I bet you get annoyed if you see the same ad a million times in your Facebook feed. This is what will happen to your page fans if you don’t explicitly exclude them. Here’s how to do it:
The reason is that your page fans are usually a very engaged segment of your audience, so if you’ve asked Facebook to show your ad to people who include your page fans it is being incentivised to repeatedly show the ad to them and not new audiences because it can see your page fans are more engaged. This will be annoying.
There are definitely good reasons to advertise to your fans but we recommend this in separate ad sets or campaigns with much lower budgets and perhaps some scheduling parameters so Facebook doesn’t go overboard.
6. Stop using interest targeting only!
It’s tempting to start by using the interests that Facebook gives you. “I’m a dance studio, why not target people interested in Dance?”. The problem is that interest targeting is imperfect and for any single interest Facebook has a decent chance of getting it wrong. To see what Facebook thinks you’re interested in, go to https://www.facebook.com/ads/preferences/. Here are some things it thinks I’m interested in:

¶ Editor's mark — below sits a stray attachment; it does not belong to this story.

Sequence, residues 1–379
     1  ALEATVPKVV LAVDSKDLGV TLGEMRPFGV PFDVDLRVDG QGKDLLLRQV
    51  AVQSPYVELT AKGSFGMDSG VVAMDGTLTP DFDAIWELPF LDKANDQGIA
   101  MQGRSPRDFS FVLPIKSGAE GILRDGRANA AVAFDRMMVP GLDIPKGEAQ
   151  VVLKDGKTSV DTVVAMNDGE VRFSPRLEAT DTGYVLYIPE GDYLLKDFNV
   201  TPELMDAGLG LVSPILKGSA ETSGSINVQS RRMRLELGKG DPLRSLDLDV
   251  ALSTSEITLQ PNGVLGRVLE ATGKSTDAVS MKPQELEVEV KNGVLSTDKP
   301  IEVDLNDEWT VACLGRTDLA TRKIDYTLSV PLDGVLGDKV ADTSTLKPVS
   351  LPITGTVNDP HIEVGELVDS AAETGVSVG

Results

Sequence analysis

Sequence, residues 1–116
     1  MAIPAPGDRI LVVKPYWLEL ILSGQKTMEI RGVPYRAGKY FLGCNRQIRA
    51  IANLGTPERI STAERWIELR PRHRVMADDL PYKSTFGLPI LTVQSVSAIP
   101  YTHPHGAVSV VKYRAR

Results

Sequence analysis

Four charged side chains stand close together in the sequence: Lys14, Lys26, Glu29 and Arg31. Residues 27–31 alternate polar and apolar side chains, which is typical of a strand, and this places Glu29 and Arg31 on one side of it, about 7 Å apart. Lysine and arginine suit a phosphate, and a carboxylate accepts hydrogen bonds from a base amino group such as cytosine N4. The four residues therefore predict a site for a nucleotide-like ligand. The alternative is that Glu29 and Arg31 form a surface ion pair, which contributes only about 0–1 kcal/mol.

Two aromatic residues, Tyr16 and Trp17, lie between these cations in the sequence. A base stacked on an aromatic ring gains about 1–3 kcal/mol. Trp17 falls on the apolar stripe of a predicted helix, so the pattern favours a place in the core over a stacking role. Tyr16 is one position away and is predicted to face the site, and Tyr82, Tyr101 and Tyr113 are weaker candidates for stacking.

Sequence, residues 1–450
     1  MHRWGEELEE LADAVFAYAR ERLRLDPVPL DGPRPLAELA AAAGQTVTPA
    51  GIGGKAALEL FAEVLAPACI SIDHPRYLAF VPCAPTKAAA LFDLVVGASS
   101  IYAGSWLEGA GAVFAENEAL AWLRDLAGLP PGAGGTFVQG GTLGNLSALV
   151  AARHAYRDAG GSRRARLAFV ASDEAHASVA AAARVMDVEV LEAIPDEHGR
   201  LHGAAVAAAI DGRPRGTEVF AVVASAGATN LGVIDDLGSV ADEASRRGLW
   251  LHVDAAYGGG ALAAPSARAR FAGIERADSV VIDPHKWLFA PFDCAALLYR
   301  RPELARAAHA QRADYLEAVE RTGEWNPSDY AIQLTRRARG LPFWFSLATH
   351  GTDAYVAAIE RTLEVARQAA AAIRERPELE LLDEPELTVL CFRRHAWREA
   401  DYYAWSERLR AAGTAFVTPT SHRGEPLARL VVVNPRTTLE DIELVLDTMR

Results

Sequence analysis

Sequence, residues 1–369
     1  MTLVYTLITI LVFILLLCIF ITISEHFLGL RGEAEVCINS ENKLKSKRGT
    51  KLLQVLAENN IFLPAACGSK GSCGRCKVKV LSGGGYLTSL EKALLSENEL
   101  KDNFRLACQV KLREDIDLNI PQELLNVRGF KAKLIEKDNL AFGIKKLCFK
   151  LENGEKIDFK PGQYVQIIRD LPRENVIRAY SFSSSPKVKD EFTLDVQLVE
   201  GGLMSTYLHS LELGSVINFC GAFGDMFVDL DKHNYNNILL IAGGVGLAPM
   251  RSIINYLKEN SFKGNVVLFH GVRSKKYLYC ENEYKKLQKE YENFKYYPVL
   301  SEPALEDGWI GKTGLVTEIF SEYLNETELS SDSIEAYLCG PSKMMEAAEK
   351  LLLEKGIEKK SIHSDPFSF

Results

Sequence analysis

- Mortgage broker
- Amazon Web Services
- Bakeries – I mean I eat bread but so what?
- Vodafone – never owned one, don’t know anyone with them
- Lost (TV Series) – never seen an episode
- Time – the concept…why not breathing?
- Refrigeration – 😕😕😕
The second problem is when you add more interests you’re telling Facebook you want to target someone who matches ANY of these so the errors compound.
The best audiences to start with would be people who are already engaged with you (eg. have visited the website) but haven’t converted yet. The second best are generally lookalikes of your existing customers, whether from a file upload or Facebook pixel. The advantage there is instead of you doing the grunt work of picking specific interests, and being wrong, Facebook can take a lot more factors into account.